Today’s picture was sent to me by Bruce who spotted this ruddy darter at Threave.

ruddy darter

I did some darting myself this morning in company with Dropscone, as we nipped round the morning run in good style in spite of some moaning about bad backs from one of the pedallers.  It was another lovely day with very light winds so I was pleased to be able to take  advantage of it.  Dropscone politely started at a steady pace so I could get well warmed up before putting the foot down.

After coffee and scones, I felt confident enough to get the lawn mower out and mow the middle lawn. As the grass was short enough not to need the box on the mower, it wasn’t very hard work and my confidence was justified as I managed it without trouble.

I also walked round the flowers.

Icelandic poppy
A delightful light orange Icelandic poppy has appeared.
Shirley poppy
And the Shirley poppies keep on giving

The garden is full of white butterflies but they are very fidgety and it is rare that one presents a good photo opportunity.

White butterfly
They are not necessarily as white as they look when flying.

Mrs Tootlepedal was out all morning.  After a choir practise at the church, she made her way to the Castleholm and helped out at an archaeological session at the castle there.  They are not actually digging but using one of the clever machines that can ‘see’ underground for a survey.

She came home for lunch and as Sandy arrived after lunch, he and I decided to go across and take some photographs to record the scene.

Langholm Castle
They are surveying the ground round the castle.
Resistivity machine
Volunteers with the resistivity machine
Resistivity machine
Mrs Tootlepedal in a special archaeology hat talks to the visiting expert

Two other men were doing obscure things in some long grass nearby.

Tom Stothart

Mrs Tootlepedal’s work consisted of moving the ropes which marked the areas to be surveyed by the machine.  This was hard and continuous work and as it was very warm as well,  she was quite pleased to get a sit down at the end of the day.

Sandy and I moved on after a while and we drove down to the Tarras and went for a very short walk  along the banks of the river.  By coincidence another white butterfly posed for me there.

white butterfly

In order to keep my back in order, we went only a short distance and the track was lined for most of the way by thistles and rosebay willowherb.  This is the season of seed.


Thistledown going up

Sandy was driving and kindly agreed to my suggestion of a cross country route home.  We stopped to take pictures whenever the fancy took us.  Here a few of the ones that I took.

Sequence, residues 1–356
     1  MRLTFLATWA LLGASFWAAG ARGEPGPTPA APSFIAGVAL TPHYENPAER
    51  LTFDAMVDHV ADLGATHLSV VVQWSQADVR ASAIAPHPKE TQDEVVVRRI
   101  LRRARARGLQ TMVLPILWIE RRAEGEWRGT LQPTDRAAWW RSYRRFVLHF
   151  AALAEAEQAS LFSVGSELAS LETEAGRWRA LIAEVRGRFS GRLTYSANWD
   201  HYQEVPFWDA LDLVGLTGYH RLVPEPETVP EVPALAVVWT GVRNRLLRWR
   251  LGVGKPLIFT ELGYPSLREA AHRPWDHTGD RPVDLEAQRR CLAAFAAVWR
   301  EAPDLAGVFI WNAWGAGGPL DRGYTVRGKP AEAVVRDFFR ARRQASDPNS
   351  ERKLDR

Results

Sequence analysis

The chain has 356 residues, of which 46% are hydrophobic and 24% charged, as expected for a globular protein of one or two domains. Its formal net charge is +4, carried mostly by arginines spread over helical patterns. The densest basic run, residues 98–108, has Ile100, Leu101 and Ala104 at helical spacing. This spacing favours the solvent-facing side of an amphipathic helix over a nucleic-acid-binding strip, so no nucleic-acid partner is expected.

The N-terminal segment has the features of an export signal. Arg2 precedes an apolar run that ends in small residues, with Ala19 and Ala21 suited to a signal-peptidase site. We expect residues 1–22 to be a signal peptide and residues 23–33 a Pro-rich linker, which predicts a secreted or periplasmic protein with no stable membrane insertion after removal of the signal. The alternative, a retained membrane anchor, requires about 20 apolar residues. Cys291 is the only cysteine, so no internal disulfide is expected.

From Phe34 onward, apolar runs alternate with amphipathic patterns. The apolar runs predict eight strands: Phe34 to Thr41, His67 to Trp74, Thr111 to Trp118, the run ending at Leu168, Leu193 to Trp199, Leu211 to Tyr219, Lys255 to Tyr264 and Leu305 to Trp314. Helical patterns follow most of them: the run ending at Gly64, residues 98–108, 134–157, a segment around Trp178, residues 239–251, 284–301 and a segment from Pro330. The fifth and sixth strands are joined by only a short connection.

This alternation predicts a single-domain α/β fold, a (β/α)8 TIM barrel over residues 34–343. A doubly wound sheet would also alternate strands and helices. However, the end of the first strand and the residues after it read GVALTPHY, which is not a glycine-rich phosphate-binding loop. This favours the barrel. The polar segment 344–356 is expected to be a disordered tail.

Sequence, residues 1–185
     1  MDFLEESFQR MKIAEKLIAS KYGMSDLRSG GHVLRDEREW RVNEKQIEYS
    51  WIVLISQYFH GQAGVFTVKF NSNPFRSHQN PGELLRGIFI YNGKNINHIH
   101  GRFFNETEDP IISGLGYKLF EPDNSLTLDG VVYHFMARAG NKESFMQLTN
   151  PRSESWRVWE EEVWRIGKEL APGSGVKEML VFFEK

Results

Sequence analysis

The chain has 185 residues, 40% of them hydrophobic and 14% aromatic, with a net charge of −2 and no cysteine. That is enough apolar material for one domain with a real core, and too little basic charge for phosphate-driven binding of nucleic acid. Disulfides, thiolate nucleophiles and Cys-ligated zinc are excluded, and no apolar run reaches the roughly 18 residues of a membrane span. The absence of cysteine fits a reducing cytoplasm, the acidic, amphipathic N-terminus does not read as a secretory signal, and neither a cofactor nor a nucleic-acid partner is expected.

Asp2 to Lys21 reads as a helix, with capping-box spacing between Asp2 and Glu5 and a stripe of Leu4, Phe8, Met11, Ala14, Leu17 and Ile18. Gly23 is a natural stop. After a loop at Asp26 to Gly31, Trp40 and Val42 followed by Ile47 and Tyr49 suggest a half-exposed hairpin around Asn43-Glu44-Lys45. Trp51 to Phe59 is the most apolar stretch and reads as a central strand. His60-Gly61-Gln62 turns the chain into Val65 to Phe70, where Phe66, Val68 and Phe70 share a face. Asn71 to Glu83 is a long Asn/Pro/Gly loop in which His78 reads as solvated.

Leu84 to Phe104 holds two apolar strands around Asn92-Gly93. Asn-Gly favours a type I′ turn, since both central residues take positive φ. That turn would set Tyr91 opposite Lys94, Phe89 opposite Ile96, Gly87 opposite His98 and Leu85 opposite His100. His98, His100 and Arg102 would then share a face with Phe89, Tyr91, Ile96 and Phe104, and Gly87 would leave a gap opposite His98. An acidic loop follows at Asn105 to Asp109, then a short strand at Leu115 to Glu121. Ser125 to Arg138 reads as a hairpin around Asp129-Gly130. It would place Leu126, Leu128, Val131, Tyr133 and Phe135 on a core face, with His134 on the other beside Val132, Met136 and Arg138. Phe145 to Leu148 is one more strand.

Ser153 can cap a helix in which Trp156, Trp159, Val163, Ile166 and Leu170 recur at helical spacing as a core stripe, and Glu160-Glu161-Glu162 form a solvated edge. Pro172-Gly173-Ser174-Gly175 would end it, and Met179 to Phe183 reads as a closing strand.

It was a perfect afternoon for standing out in the country looking around but a bit too hazy for distant photography.

We were having a cup of tea and a dainty biscuit after we got back when we were visited by Dr Tinker, who advised me to go at once and look at his buddleia if I wanted to see some colourful butterflies.  When Sandy left, I trotted  obediently round.  He was right of course, as doctors always are.

colourful butterflies
Dr Tinker’s butterfly farm.  There were peacocks and tortoiseshells on every twig

As you can see, one was colour co-ordinating on a neighbouring flower.

I was so uplifted by this that I mowed the front lawn when I got home.  The warm weather of the last few days has brought the lawns on very well and they are looking as good as they ever will at the moment.  It is sad to think of all the moss that is lurking, waiting for the cold, wet, winter weather to come.

I hadn’t had time during the day to catch a flying bird so I went out with camera in hand to see what I could do.  Of course, the first thing that I saw was a peacock butterfly in my own garden.  The phlox was its target.

peacock butterfly

My flute pupil Luke came in the evening and I was feeling confident enough in his ability and capacity to practise to be slightly severe about his need to practise with great discipline at all times.  It is the key to progress because otherwise you just tend to practise your mistakes in.  We have reached a certain level and the next step will take some really hard work.  I am sure that he can do it.

I did manage to catch a flying bird along with the butterfly.  It is a flying sparrow.

flying sparrow



Published by tootlepedal

Cyclist, retired teacher, curmudgeon, keen amateur photographer.

20 thoughts on “Snappy

  1. It’s wonderful to see so many butterfly’s this summer. On my way back from the bowling green this evening I passed a Budlea with dozens of Butterflies on it. The last few summers and the same Budlea hardly had one butterfly on it.

    1. I usually take the flying birds at the feeder looking out at the garden but Mrs Tootlepedal had pulled the blind down to keep the kitchen cool so I had to go outside and pretend to be a bush.

  2. Great butterfly photos. I wish the colourful ones would make an appearance in my garden but I suppose I will ha e to co tent myself with the white.

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